In its IPO filing process Twitter took advantage of one of the key available provisions of the JOBS Act. Section 6(e) of the Securities Act allows an “emerging growth company” to file an IPO registration statement on a confidential basis. This provision is designed to give the company and the SEC time to identify and work through potential problem areas or issues before investors see any information. It also allows companies to keep material nonpublic information confidential until late in the SEC review process. If the company decides not to proceed with its IPO, it has avoided the public disclosure of this information. If the company and the SEC can work out these problems and issues satisfactorily, the registration statement (amended as necessary) eventually becomes available to the public and the IPO process goes forward. This should make the registration process very quick and efficient after it emerges from the initial SEC review.

This confidential filing opportunity has been popular with emerging growth companies. According to an Ernst & Young JOBS Act study, approximately 63% of eligible companies used this process during the first year of its availability under the JOBS Act. The SEC has published a set of helpful FAQ’s which clarify many components of this confidential filing process.

Twitter added one interesting change to this Continue Reading Twitter announces its IPO in a tweet

Nasdaq pays record fine for Facebook IPOMay 29, 2013 was a bad day at the office for The Nasdaq Stock Market, LLC as it agreed to pay a $10 million fine to settle allegations arising from the troubled May 18, 2012 Facebook IPO. This payment was announced by the SEC in a press release which was highly critical of Nasdaq management and its role in this IPO. This was the largest fine ever assessed against an exchange. This fine was a clear message to the securities exchanges to focus on their systems and processes and ensure that they are ready to successfully run transactions like the Facebook IPO. 

The SEC also issued an Administrative Order that describes the Facebook IPO and Nasdaq’s mistakes and securities law violations in detail. The Order also describes several instances where Nasdaq violated its own policies during the IPO. It is clear from this Order that the SEC is angry about the problems with the Facebook IPO and that it holds Nasdaq management responsible. The SEC is very concerned with future offerings and the ability of exchanges to manage them as the size, velocity and complexity of the offerings continues to increase. The SEC confirms that it is the responsibility of an exchange’s management to anticipate the problems that occur in these offerings and to have systems in place that can handle them. It is no longer sufficient to blame these problems on “technical glitches”, especially when so much money and credibility are at stake. The Order also censured Nasdaq and its affiliate, Nasdaq Execution Services, LLC. Matt Phillips has a nice summary of these Facebook IPO problems and the SEC Order on his blog.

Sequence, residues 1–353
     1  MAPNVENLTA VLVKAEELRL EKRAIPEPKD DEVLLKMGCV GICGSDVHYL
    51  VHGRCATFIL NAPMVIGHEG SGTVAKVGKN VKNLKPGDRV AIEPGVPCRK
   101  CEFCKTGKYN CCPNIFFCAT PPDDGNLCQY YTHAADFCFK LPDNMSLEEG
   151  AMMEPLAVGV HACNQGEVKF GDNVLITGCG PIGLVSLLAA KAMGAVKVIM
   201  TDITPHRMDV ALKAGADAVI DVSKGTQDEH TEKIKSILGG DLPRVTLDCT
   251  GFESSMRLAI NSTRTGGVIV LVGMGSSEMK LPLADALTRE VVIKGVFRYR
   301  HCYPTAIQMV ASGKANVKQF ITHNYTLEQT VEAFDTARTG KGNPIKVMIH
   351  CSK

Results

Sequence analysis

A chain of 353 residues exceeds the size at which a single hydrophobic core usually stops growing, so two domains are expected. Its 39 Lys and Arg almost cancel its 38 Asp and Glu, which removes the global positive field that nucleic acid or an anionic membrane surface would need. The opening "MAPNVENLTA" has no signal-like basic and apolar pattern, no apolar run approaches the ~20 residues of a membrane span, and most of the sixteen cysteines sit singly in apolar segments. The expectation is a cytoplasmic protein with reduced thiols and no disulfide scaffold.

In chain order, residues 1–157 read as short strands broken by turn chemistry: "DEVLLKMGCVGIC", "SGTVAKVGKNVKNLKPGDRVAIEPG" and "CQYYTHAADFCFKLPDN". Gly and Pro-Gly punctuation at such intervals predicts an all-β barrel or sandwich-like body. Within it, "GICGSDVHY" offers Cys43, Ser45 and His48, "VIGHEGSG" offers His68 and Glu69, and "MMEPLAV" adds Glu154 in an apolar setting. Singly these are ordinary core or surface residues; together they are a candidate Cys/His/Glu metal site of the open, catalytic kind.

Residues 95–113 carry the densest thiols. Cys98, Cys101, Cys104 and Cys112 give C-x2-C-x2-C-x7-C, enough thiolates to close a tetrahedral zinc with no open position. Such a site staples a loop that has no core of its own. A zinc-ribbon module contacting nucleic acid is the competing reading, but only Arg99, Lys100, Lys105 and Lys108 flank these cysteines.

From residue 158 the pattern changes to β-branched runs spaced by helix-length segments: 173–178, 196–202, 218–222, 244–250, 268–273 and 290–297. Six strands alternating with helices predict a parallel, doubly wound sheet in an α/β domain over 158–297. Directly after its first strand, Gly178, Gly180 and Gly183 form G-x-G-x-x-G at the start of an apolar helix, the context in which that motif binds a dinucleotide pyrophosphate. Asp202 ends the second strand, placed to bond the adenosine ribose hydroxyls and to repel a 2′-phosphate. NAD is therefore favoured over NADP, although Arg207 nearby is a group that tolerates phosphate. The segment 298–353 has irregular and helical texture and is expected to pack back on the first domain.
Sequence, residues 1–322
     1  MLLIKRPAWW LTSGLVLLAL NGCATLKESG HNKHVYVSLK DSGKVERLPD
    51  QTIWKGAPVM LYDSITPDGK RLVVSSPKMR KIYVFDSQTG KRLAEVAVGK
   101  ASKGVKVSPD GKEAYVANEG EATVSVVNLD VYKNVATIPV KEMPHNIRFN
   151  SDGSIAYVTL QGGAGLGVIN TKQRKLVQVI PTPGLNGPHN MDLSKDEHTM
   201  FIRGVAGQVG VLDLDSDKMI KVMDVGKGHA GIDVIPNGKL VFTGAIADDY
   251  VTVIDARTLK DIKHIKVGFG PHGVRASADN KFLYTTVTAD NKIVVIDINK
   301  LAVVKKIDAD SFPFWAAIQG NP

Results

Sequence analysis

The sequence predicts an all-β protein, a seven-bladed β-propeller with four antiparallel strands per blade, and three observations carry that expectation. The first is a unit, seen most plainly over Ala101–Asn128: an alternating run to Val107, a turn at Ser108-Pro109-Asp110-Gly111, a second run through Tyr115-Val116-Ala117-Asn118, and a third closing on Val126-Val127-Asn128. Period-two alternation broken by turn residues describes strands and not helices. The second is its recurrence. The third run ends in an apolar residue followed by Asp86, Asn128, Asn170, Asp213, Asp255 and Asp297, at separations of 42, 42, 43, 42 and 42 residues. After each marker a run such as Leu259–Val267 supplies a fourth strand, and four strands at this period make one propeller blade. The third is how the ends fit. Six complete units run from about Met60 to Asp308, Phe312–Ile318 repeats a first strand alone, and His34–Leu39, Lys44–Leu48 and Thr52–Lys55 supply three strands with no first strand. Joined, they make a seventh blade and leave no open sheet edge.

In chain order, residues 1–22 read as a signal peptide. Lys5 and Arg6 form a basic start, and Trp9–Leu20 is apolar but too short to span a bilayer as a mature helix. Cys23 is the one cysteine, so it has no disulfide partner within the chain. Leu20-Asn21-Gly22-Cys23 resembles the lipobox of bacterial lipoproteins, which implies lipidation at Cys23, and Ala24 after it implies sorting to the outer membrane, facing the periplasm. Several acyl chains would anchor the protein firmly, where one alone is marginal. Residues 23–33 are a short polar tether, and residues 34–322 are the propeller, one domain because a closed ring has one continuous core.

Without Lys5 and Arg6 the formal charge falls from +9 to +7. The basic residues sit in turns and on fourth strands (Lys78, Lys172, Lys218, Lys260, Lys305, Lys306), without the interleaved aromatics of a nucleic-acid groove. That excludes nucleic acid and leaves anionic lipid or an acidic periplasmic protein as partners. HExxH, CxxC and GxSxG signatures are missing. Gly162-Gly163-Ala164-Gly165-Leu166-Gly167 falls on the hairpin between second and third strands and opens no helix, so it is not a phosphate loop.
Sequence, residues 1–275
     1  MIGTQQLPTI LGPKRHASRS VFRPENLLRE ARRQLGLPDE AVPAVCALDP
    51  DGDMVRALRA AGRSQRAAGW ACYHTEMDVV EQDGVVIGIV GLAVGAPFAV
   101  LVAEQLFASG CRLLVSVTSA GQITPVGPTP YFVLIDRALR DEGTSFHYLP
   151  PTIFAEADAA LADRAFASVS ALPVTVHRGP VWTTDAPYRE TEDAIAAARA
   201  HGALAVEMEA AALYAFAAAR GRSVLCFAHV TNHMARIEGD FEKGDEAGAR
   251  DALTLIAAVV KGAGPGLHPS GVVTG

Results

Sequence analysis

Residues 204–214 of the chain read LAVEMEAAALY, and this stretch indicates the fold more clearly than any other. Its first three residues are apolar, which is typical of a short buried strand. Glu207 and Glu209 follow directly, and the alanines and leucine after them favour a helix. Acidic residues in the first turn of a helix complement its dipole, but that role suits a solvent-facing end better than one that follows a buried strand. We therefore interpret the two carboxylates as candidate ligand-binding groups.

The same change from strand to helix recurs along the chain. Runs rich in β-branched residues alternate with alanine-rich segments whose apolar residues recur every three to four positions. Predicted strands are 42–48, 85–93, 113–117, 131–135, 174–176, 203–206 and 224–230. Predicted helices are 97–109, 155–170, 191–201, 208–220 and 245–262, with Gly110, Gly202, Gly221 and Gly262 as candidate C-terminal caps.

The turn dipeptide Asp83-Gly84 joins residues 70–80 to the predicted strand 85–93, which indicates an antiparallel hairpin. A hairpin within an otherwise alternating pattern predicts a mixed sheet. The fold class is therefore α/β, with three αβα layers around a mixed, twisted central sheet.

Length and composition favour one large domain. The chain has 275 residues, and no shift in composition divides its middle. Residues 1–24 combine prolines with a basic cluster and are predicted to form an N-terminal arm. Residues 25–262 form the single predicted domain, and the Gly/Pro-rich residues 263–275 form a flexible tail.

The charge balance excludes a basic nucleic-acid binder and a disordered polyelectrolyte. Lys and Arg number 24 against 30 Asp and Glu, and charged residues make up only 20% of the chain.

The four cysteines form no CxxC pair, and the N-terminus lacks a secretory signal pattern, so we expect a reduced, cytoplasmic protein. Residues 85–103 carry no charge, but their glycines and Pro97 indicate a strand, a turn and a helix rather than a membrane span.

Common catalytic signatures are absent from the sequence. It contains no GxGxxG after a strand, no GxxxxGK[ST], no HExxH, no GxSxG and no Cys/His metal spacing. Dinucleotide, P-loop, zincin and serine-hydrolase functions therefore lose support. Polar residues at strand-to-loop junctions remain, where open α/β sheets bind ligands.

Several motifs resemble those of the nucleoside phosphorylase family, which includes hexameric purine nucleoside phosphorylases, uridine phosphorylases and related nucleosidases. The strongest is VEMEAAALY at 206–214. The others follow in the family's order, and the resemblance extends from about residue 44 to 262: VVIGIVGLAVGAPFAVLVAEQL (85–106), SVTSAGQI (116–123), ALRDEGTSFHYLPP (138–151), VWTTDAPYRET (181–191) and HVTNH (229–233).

The Nasdaq’s actions before and during the Facebook IPO have been roundly criticized by commentators and industry experts and now by the SEC. Nasdaq management conducted system tests prior to the Facebook IPO, but the extent of these tests was woefully inadequate. They conducted tests using 40,000 orders, but almost 500,000 orders were waiting when the Nasdaq opened trading in Facebook stock. This huge volume of advance orders and the continuing high volume of orders quickly overwhelmed the exchange’s systems. In response to these numbers and panicked calls and emails from brokers (who apparently had no idea of how many shares they had purchased or their actual exposure), Nasdaq management held a “Code Blue” emergency call and made a few software adjustments which they thought would fix the problems. These adjustments did not work, however, and brokers continued to panic. Nasdaq management finally discovered that about 30,000 Facebook orders that had been placed earlier in the day had never been executed. Many of these shares were then sold into the open market, which depressed the stock price until brokers stepped in to help support it. Facebook shares were priced at $38.00 at the start of the IPO but closed that day at $38.23. This was a major disappointment, and the stock price has significantly retreated from that level. Facebook’s most recent price was Continue Reading The SEC gets tough – Nasdaq to pay record $10 million fine to settle Facebook IPO allegations